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History

The origins of Santa Teresa are not very clear, but they are commonly believed to be dating back to the Phoenicians: some of them must have built a town called Phoenix in the area around the mouth of the Agrò torrent. Its existence was already documented in the year 36 b.C., when some legions of Pompeus are told to have found asylum in Phoenix.

The excavations made in order to build the railway road around the year 1870 have brought to light many wells, ruins and ancient objects like pieces of marble statues and busts, cinerary urns and elaborated clay vases probably dating back to those times. There are documents where the discovery of a cemetery is reported, which had disappeared because of the debris brought there by the torrents and where tombs, corpses and many precious objects, all in oriental and Greek style, had been found; similar discoveries have been made in the area between Santa Teresa and Furci Siculo.

The town of Phoenix was progressively deserted because of the debris of the torrents and of the continuous pirates’ attacks: as a consequence, the people started building new towns on the hills, like Savoca, which must have been founded around the years 1200-1300. The town of Savoca became then more and more florid until, when pirates were banished around the year 1500, many people moved back to the coast and built a new town called Marina di Savoca.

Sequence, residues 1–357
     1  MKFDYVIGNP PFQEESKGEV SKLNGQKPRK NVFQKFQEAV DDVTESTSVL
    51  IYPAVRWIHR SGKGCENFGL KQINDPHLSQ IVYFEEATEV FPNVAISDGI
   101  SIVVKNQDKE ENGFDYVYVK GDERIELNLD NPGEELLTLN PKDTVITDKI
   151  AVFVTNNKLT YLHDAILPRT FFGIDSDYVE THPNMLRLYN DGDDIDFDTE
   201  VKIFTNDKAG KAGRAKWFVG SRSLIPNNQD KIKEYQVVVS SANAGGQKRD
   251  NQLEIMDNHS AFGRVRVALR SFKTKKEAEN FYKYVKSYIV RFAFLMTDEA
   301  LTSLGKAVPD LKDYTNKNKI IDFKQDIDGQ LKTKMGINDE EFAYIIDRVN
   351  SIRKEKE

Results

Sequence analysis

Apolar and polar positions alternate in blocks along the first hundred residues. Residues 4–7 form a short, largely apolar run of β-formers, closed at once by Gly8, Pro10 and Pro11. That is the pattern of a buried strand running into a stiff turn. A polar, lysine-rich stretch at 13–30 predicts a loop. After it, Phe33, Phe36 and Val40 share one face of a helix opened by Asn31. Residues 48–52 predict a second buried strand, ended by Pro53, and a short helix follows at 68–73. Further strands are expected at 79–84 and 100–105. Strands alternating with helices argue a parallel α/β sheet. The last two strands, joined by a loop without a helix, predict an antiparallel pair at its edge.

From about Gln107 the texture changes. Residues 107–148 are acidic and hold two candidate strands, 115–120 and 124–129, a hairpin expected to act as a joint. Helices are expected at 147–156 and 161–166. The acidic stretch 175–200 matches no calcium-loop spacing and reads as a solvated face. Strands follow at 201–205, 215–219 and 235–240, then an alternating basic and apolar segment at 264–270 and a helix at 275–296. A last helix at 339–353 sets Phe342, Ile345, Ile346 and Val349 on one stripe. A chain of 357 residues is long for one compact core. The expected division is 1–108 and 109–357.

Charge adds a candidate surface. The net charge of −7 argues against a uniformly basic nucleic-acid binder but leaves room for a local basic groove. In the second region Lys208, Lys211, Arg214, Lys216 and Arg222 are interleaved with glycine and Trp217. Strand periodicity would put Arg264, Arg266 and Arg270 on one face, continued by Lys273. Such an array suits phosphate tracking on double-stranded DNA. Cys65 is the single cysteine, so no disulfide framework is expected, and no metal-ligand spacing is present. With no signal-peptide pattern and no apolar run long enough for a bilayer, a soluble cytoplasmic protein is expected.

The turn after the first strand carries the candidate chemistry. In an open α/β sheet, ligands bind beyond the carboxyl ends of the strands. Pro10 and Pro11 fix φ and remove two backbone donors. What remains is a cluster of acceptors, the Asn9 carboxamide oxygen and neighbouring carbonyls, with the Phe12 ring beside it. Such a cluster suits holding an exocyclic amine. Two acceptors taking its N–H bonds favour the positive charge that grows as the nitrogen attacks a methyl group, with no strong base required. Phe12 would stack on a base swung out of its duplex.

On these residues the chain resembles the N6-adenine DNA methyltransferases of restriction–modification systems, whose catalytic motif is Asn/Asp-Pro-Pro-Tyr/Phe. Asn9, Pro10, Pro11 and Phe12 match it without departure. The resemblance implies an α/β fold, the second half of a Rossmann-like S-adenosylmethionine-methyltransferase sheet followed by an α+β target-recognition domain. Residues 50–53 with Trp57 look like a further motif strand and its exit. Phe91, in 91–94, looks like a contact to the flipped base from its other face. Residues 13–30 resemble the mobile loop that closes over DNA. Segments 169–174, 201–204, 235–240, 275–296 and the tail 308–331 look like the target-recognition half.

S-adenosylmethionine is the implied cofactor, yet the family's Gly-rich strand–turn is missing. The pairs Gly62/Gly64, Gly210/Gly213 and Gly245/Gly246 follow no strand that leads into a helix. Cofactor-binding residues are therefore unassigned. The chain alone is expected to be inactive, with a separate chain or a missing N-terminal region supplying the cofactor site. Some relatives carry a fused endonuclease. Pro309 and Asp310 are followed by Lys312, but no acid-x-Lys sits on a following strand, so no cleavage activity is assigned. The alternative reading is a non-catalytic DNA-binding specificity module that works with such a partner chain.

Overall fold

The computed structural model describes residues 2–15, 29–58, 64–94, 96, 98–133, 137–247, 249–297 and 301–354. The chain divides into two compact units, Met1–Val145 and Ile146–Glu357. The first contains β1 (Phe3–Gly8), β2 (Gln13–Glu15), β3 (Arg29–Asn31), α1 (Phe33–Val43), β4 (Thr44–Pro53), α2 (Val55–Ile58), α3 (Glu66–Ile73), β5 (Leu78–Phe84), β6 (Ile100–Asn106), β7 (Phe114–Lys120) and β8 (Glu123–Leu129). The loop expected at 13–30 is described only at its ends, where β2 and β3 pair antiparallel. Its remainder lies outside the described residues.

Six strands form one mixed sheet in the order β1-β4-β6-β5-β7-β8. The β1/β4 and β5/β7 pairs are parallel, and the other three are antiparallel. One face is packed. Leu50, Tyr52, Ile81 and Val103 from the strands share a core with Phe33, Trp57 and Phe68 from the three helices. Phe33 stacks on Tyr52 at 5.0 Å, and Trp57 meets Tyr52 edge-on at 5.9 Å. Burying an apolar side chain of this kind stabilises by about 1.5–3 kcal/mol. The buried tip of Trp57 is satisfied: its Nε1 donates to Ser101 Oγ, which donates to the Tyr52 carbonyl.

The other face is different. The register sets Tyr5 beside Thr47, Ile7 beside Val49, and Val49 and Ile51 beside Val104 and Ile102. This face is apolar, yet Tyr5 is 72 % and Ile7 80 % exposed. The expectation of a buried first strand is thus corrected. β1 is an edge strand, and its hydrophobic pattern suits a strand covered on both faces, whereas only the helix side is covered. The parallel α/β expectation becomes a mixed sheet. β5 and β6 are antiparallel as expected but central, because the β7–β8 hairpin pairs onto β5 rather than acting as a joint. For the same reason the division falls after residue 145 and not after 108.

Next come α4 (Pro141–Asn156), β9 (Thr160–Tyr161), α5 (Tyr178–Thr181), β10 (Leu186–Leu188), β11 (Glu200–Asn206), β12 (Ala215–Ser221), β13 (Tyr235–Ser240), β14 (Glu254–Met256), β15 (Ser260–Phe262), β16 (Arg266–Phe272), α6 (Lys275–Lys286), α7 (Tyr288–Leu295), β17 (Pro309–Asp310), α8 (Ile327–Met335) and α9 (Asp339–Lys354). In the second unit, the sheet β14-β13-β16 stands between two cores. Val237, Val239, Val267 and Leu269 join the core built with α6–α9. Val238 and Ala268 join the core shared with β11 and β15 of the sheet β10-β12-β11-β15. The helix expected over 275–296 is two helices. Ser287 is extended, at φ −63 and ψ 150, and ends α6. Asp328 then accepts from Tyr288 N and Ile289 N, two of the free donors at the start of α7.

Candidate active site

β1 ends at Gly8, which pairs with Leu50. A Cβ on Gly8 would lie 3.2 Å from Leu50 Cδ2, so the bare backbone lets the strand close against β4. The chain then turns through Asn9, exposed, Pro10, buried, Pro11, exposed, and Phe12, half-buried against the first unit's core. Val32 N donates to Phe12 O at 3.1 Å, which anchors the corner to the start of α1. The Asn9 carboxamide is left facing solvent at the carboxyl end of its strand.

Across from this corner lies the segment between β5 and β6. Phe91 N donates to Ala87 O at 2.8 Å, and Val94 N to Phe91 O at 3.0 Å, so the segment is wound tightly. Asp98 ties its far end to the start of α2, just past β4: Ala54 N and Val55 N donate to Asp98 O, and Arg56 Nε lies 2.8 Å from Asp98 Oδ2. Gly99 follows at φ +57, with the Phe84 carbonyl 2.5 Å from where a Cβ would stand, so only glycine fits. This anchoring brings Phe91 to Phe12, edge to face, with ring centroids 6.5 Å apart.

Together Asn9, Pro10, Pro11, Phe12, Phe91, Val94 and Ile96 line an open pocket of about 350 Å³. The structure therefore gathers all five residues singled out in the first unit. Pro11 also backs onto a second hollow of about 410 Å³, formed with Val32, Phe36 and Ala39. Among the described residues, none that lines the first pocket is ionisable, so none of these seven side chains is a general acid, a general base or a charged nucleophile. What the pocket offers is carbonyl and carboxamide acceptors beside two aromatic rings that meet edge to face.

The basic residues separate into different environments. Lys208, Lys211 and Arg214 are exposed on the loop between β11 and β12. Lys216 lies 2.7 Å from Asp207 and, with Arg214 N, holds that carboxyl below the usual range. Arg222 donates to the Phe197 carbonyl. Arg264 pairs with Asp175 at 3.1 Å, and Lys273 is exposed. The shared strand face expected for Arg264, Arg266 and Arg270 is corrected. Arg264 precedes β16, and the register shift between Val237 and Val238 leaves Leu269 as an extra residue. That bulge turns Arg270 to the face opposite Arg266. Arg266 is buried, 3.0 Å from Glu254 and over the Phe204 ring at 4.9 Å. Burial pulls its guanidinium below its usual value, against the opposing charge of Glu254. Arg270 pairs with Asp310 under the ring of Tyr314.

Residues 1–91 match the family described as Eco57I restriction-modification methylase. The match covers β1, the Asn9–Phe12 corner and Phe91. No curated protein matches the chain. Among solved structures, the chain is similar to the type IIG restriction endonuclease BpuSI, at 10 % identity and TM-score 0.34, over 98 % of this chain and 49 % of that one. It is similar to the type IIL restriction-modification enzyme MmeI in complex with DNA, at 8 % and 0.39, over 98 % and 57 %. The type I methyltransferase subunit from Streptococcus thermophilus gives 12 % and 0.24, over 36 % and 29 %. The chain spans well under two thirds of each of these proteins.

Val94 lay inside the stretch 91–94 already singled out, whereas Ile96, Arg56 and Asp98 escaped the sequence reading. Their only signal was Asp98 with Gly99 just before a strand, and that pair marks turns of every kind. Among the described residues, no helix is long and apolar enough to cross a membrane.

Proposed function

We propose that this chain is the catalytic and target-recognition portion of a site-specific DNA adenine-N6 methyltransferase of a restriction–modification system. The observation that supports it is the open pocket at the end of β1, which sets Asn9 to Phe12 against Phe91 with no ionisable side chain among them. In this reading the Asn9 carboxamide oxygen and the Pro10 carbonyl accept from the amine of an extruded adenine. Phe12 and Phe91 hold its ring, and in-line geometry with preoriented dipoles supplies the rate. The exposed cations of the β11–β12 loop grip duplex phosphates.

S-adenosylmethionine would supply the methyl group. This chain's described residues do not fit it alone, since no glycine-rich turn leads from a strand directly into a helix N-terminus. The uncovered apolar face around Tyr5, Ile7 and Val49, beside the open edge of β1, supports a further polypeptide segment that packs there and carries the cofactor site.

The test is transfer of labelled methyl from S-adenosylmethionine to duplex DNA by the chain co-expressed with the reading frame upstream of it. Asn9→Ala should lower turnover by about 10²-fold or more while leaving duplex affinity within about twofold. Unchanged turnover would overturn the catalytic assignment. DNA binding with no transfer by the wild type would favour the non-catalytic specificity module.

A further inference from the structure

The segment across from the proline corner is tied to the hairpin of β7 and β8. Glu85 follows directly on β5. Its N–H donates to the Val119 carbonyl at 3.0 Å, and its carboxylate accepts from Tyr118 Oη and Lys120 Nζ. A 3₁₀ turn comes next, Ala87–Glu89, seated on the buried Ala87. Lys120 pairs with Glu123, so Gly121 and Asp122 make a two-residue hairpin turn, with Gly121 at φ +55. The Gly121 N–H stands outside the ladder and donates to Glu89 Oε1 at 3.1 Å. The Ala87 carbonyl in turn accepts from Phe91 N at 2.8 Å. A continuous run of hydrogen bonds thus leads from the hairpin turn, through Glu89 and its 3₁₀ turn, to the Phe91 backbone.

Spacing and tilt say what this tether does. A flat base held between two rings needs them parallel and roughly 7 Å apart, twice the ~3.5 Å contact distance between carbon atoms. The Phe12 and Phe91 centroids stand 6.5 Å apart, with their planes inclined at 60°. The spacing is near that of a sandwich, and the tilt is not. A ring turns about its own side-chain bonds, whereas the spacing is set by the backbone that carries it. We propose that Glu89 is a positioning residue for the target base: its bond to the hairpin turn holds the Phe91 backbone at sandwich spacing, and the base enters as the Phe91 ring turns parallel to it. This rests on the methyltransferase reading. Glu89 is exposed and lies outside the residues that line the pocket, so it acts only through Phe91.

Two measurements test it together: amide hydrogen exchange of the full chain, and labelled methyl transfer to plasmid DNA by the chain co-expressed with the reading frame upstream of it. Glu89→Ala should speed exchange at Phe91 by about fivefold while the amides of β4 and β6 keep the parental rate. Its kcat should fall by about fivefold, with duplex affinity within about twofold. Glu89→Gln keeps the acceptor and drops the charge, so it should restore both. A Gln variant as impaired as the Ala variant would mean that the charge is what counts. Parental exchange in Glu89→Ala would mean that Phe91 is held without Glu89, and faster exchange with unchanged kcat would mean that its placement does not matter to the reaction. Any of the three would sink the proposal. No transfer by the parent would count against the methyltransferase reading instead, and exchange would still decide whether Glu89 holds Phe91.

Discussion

Savoca was almost completely deserted and defeated by Marina di Savoca, which was proclaimed an autonomous municipality by Ferdinand II Bourbon in 1853: the people were so grateful to him that they named their own town Santa Teresa as a tribute to his second wife, Maria Teresa from Austria. The two towns got fully detached the next year, and all the offices and services were moved to Santa Teresa. In 1923 Furci Siculo, which had so far been part of the Santa Teresa territory, got separated and became a municipality of its own.

The denomination “di Riva” (of the coast) was added later in order to distinguish the town from its homonyms.

Santa Teresa di Riva is characterized by very old and strong religious traditions, as witnessed by the great deal of churches which can be found here.

The most important are: the Madonna del Carmelo Sanctuary (1929), the Portosalvo Church (1952), the Church of the Sacred Family (1903) and the church dedicated to San Vito (XVII Century) in Misserio. There are also smaller ones like the Madonna delle Grazie Church in Fautarì (1706), the Sacred Heart Church (1922), and others dedicated respectively to San Gaetano, San Sebastiano and to the Madonna del Rosario.